the Sixteenth by a door near its west end, the carbonised remains of its wooden door-posts being well preserved. The floor here consisted of isolated and irregular paving stones which had acted as a support for a cement pavement. Like the other Magazines of this group it was devoid of store-jars. Near the west end of this chamber was found a remarkable relic cut out of the porphyry-like limestone much used here for sculptured objects
Height 42 cm. (17 in.).
(Fig. 12). It was evidently a large weight and had a boring near its apex for suspension. Upon both its sub-triangular faces it showed an octopus in relief, and their tentacles were also coiled over its squarecut sides. A smaller perforated object of gypsum, presenting the same general outline but without any ornament, was found in Magazine 13,1 but from the carelessness of its fabric this may have simply belonged to the class of loom-weights.
1 In too decayed a condition to afford a sufficient index of its original weight.
THE PALACEOF KNOSSOS.
The present carefully finished and elaborately decorated example, which is 42 centimetres in heightl and weighs 29 kilograms2 has every appearance of having been a standard weight. The device of the octopus for the ornamental reliefs may well have been dictated by the desire to secure a design which would cover the whole surface and thus protect the weight from fraudulent chipping or grinding away. In this way it would have answered the same purpose as the official stamp of a coin or the milling of its edges. It is to be observed that the weight shows a close approximation to the Babylonian mina system. Weights of 30 light minas or half talents are known, scaling approximately 15,000 grammes.3 The corresponding heavy 30 mina weight would be 30,000 grammes-a talent according to the alternative calculation. It will be seen that the Knossian weight of 29,ooo grammes represents a very slight reduction on this Babylonian standard. The influence of foreign weights-so far at least as form is concerned-has been already illustrated among the Palace finds by the small haematite weight of a type common to Palestine and Egypt.4 In the present case, indeed, the form has nothing in common with the duck or lion weights of Babylonia, though the standard seems to correspond with the light talent or with half the heavy talent. The Fifteenth Magazine was also noteworthy for a very important deposit of inscribed clay tablets of the linear class. These were found from about *50 centimetres beneath the surface a little to the left of the entrance. Parts of many were wanting owing to the mass of the deposit lying too near the surface earth, but it nevertheless contained some of the longest inscriptions yet discovered. Among these is one of fourteen lines in which the woman-sign is constantly repeated. Like others of this series on which this sign occurs it possibly refers to female slaves. With this hoard of tablets was found a seal impression showing a bull attacked by two dogs countermarked and countersigned in the linear script, another exceptionally large impression with two bulls and another with part of the " Lions' Gate " scheme. It is possible that this deposit had been originally placed in a room of the upper storey and had fallen through into the Magazine. In this Magazine and the adjoining space at its back between its en d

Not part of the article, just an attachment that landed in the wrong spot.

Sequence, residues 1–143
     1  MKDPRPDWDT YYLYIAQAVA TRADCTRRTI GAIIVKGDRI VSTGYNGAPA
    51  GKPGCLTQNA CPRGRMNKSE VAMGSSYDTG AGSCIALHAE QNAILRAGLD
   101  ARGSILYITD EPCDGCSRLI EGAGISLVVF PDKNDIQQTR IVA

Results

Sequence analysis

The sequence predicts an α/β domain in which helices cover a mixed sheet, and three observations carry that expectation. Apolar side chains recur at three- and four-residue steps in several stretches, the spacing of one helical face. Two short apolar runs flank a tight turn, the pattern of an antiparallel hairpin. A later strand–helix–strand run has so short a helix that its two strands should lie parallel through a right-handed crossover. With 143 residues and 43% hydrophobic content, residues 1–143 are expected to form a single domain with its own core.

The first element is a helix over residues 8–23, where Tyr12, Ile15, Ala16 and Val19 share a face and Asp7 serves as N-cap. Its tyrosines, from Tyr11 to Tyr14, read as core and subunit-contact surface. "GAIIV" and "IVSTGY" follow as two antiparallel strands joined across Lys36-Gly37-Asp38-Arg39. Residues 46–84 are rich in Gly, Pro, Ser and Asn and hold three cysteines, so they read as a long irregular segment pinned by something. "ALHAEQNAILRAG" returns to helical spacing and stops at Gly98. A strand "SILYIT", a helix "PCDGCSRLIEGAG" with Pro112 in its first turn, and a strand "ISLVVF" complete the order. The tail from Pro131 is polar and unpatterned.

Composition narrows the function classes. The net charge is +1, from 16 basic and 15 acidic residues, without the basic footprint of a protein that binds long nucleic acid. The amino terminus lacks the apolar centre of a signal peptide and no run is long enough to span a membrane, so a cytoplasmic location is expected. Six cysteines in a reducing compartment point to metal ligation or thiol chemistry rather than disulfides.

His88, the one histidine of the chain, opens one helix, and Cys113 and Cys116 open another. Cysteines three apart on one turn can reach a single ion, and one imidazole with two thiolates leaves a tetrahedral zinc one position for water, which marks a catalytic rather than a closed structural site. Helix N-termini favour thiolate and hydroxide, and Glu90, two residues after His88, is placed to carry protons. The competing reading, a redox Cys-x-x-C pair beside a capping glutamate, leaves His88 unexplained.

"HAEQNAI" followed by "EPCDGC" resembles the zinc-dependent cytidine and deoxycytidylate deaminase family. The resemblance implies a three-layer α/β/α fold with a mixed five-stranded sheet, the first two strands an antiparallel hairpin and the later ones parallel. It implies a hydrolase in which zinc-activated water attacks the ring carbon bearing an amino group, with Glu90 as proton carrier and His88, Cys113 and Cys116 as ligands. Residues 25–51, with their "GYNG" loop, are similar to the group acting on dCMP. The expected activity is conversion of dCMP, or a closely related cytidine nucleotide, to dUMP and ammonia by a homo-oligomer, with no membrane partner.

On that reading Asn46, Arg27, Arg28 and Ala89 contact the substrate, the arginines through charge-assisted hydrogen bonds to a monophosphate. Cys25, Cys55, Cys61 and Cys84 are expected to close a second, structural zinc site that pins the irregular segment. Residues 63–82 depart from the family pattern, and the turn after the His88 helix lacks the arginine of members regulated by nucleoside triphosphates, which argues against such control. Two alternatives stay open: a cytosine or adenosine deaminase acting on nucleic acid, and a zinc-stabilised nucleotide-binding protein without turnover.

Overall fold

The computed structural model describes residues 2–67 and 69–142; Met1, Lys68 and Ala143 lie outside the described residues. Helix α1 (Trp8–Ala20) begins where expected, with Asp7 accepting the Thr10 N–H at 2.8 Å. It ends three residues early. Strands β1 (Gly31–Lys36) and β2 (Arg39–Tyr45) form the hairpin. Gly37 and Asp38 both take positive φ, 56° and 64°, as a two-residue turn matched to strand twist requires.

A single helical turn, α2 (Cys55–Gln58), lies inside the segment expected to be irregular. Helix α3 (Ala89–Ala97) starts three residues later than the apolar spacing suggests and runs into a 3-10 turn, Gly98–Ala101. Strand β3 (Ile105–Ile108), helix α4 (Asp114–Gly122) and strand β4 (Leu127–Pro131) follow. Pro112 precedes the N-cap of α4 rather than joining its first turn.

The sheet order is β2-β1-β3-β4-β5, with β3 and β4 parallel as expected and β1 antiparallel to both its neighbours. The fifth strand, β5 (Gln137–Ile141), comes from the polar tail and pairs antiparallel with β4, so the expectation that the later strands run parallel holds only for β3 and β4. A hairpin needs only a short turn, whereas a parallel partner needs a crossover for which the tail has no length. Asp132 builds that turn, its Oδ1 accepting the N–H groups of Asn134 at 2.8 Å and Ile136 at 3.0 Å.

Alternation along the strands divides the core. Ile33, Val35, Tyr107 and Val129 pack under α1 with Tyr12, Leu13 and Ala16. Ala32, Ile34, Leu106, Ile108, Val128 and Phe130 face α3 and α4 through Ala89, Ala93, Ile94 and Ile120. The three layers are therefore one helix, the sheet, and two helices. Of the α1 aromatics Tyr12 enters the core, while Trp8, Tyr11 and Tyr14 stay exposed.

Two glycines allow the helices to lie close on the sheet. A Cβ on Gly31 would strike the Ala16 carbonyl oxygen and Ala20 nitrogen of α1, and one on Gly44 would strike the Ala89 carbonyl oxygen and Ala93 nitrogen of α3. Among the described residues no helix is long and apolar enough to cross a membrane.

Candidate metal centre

It is 27 centimetres wide and 13 thick at bottom and 8 centimetres wide at top. The boring 1 is 5-6 centimetres in diameter. 2 As nearly as could be determined by local weights and measures. 3 Brandis, Mzinz. Mass. u. Gcwichtswesen,etc.: Head, Historia Nzumorum,pp. xxx. xxxi. 4 See above.
THE BRITISH SCHOOL AT ATHENS. [I9oo-19o1 wall and the West Wall of the building were found further parts of the stone This back space, which affords frieze and other architectural fragments. passage to the entrance of the Fourteenth Magazine, is itself a continuation of the Sixteenth. Except for a stone cist against the South Wall the Sixwas only teenth Magazine offered little of interest, and the Seventeenth " Kaselles "that had remarkable from the fact that a line of formerly extended along its floor had been entirely dug up at some time by treasurehunters leaving a long square trough. The relation of the Eighteenth Magazine to the adjoining group is not clear, as there is no visible entrance to it. In this Magazine was found a clay seal with linear inscriptions and an obsidian arrow-head of In this cona type resembling those from the Shaft Graves at Mycenae. nexion may be mentioned the discovery, by a large rubbish heap on the north-east three-sided corner of the site, of a small steatite relief of an archer against a background of conventional rocks (Fig. 13). He is bearded, unlike the other male figures found here, and wears a kind of bathing drawers somewhat different from the typical Mycenaean costume as seen at Knossos but identical with that of the lion-hunters on the daggertomb. blade from the Fourth Akropolis attitude greatly resembles that of the His
naked bowmen on the silver vase fragment the same grave, and his bow, like theirs, is of the European and from It is probable that this was part of a battle scene. African type. The ground here sinks so that the walls are greatly denuded towards the extreme north-west angle of the Palace, which makes it difficult to ascertain It is certain, however, the exact interior arrangement at this point. that the chambers here do not form part of the regular system western Magazines. I4.-FURTHER of the